Author: Kevin Wilson

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Recognized as one of Canada's most prolific outdoor writers, Kevin Wilson has been actively involved in the outdoor industry for over 30 years. An award-winning outdoor writer/photographer, videographer and show host, his work has been widely published in, and broadcast through, many of North America’s top print magazines, newspapers, websites, e-zines, podcasts, radio shows and outdoor television networks. Former co-hosts of Canadian Outdoorsman TV, Kevin and his wife Heather, are currently team members on Wild TV’s popular Bowzone Live. With a passion for all things outdoors, they both confess a particular affinity for bowhunting whitetails and hunting wild sheep. As professional outfitters and guides, Kevin and his wife also own and operate Alberta Hunting Adventures (see www.albertahuntingadventures.com). In the off-season, Kevin owns and operates Wild Encounters Ltd. (see www.wildencountersltd.com) an Alberta-based company through which he provides wildlife conflict management services to industry and the public.

Prone in the snow, I extended the legs of my bipod. On several occasions, I’d called in coyotes from that very hilltop. Anticipating a quick response, I took every measure to ensure a flawless calling session and the prospect of a textbook shot opportunity. With a solid rest, I settled in; my 22-250 shouldered and ready. Fully camouflaged, I remained motionless. The bright afternoon sun was behind me helping to conceal my already low profile. Moments after initiating my prey-in-distress calls, I caught movement. An eager dog was seen weaving his way through the poplars. Without hesitation, he broke from…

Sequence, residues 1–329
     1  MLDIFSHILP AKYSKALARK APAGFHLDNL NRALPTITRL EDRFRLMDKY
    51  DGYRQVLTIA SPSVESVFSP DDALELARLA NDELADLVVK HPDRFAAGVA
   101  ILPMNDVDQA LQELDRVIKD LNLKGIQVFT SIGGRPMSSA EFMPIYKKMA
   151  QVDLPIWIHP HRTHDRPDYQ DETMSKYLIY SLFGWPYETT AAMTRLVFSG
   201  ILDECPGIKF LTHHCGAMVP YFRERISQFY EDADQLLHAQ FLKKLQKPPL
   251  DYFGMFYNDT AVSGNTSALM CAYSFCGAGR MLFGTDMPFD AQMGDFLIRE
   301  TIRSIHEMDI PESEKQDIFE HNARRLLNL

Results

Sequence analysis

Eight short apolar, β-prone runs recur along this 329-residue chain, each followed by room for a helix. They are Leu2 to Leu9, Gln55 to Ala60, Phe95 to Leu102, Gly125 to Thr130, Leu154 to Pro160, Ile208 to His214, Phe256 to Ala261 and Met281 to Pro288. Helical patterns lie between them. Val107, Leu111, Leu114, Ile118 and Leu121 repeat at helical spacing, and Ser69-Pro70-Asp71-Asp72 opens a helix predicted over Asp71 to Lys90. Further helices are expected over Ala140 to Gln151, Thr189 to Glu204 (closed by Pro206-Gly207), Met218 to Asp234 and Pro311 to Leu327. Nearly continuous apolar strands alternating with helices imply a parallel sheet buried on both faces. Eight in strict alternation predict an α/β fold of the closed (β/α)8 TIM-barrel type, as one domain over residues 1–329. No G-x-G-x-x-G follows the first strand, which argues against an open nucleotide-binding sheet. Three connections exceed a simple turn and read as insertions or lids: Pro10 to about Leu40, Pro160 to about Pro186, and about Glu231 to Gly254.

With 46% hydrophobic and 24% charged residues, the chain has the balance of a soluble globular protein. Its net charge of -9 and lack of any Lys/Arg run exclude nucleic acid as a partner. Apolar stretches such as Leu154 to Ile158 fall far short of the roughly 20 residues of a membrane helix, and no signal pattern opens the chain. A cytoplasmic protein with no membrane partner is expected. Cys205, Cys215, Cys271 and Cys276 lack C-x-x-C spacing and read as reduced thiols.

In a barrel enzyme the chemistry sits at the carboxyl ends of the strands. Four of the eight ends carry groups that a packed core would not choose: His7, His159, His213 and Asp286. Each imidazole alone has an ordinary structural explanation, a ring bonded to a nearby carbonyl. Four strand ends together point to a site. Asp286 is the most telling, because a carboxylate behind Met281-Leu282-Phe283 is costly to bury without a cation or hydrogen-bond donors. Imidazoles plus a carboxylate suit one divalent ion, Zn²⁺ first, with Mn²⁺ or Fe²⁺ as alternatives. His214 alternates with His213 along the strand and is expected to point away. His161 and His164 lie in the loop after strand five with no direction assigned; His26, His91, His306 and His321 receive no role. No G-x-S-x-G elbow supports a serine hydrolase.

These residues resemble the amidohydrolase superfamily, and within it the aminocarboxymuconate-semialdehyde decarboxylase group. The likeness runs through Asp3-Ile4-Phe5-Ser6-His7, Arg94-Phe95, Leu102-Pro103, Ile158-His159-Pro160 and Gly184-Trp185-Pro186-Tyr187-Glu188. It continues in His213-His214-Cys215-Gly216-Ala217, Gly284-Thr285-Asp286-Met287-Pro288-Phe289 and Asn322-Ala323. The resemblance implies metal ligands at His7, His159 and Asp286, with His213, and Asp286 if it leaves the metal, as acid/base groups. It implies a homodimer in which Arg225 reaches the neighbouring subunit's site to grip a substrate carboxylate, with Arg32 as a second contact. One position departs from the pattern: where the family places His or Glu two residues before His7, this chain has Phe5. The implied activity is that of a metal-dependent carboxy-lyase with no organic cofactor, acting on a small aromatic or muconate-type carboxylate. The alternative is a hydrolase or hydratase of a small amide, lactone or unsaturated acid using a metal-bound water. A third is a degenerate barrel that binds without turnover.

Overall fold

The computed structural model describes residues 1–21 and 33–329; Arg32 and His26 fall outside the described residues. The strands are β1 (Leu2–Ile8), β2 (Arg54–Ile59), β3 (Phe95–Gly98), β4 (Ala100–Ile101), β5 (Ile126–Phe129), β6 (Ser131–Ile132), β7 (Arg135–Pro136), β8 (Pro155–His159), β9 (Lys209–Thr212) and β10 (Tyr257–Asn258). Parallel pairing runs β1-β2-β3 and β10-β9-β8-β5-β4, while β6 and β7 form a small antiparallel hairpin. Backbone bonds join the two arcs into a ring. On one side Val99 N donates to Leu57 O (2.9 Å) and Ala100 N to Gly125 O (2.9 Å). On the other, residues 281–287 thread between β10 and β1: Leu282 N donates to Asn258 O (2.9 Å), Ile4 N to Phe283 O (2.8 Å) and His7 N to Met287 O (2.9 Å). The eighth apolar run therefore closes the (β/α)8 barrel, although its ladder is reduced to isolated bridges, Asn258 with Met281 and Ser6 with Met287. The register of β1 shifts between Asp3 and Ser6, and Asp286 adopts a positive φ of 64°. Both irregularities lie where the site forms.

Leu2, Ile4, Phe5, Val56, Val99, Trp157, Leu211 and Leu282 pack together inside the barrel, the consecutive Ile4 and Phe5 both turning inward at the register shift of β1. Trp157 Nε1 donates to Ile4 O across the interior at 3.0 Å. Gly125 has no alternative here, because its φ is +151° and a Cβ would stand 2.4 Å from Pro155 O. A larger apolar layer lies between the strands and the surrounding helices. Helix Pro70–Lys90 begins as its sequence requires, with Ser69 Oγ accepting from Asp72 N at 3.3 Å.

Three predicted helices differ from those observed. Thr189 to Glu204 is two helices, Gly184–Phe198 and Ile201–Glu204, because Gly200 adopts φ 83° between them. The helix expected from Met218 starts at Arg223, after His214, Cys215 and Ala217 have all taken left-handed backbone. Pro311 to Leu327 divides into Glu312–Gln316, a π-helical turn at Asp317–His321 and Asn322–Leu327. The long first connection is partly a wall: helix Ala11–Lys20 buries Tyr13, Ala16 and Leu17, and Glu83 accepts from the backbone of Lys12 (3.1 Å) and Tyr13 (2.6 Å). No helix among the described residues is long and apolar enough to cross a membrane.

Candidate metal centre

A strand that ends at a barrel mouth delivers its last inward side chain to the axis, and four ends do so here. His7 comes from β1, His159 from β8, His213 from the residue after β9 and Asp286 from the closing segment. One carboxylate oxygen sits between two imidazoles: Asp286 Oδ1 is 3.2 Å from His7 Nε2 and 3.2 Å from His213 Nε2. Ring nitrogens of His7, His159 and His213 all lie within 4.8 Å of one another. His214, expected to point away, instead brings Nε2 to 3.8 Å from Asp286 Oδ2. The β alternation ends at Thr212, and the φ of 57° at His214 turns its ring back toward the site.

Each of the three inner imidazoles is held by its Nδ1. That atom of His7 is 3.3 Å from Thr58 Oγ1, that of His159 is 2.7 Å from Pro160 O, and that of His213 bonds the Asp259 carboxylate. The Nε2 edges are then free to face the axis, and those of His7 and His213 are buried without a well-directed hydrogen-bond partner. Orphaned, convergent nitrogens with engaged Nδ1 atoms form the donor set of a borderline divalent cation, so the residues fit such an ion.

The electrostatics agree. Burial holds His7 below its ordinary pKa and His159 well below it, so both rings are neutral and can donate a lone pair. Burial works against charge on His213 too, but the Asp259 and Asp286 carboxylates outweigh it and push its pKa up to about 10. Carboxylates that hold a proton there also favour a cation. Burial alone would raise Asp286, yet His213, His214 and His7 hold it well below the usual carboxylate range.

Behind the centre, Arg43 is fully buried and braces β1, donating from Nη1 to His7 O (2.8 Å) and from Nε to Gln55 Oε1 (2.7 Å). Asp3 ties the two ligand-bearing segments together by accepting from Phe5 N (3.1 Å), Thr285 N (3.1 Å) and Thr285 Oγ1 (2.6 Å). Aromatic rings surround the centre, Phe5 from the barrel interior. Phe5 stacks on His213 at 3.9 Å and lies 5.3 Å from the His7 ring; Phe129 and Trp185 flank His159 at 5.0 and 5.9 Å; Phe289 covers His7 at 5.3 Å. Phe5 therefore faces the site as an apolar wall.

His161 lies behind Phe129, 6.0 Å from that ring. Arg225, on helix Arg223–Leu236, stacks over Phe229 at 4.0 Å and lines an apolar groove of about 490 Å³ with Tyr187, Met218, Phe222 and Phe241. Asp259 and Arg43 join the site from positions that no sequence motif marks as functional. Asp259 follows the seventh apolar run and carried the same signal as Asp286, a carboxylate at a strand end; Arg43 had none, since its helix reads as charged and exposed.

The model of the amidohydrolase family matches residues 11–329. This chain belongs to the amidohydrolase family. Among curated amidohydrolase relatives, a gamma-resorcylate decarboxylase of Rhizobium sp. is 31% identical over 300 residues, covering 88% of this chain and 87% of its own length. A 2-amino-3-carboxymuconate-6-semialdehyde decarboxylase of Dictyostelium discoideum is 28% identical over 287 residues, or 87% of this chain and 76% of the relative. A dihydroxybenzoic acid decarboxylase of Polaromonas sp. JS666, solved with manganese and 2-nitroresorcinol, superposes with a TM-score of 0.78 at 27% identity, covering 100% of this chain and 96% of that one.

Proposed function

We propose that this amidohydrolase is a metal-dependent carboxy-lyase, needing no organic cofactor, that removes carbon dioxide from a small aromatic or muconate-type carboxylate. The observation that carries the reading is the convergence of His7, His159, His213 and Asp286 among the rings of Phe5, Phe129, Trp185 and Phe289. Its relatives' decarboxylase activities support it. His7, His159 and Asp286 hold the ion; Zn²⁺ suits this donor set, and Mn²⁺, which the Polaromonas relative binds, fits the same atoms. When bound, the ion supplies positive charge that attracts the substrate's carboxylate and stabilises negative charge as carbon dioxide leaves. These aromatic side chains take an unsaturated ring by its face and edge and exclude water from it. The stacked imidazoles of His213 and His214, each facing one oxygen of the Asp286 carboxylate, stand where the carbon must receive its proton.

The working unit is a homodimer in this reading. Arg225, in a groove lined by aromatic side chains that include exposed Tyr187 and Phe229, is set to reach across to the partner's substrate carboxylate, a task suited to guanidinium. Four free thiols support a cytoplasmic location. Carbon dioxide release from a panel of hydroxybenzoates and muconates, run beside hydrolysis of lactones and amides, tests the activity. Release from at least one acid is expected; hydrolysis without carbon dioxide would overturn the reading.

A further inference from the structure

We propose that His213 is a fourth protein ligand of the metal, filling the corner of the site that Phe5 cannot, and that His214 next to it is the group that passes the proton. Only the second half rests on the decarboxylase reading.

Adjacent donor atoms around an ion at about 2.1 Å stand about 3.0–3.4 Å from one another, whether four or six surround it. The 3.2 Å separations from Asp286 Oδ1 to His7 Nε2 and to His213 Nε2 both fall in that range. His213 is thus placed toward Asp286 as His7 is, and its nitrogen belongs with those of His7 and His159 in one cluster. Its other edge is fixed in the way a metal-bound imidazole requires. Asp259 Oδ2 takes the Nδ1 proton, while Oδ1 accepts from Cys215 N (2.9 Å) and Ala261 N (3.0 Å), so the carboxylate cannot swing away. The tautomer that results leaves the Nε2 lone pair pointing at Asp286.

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Trailing a doe, a heavy racked 8-point whitetail was beelining straight for me. Best guess, based on body size, better than average antler mass, width, and height, he was probably a year away from meeting his genetic potential. It’s a dilemma every big buck hunter faces – to shoot or not to shoot? He could grow some more, but no guarantees. His musculature, girthy chest, and sway belly told me he was mature. It was late in the season, so I opted to take him. At full draw, as he walked just 15 yards from the base of my tree,…

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Comparatively short-lived, the second estrus offers one of the best opportunities to tag a good Whitetail The main event—or first estrus—has come and gone. You waited all year for it. For one reason or another, you weren’t able to fill your tag. Fear not, because round two is just around the corner. Believe it or not, the second estrus can be that much better than the first—especially if you want to take a mature, trophy-class buck. To make the most of this unique and concentrated time, it’s important to understand what the second rut is, what deer are doing at…

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Clatter-clack, clatter-clack, clatter. As the sound of clashing antlers resonated through the evergreens, inbound bucks suddenly emerged from three directions. The experience was just like ringing a dinner bell, and undeniably the most immediate response I’d ever had. Each buck seemed to have an innate radar drawing them to my precise location. Sound too good to be true? That was almost 30 years ago! Ever since that day, I’ve experienced the same scenario countless times. Indeed, there’s something magical about using a grunt call and rattling antlers to entice Whitetails during the rut. Literally minutes before that moment, I’d been…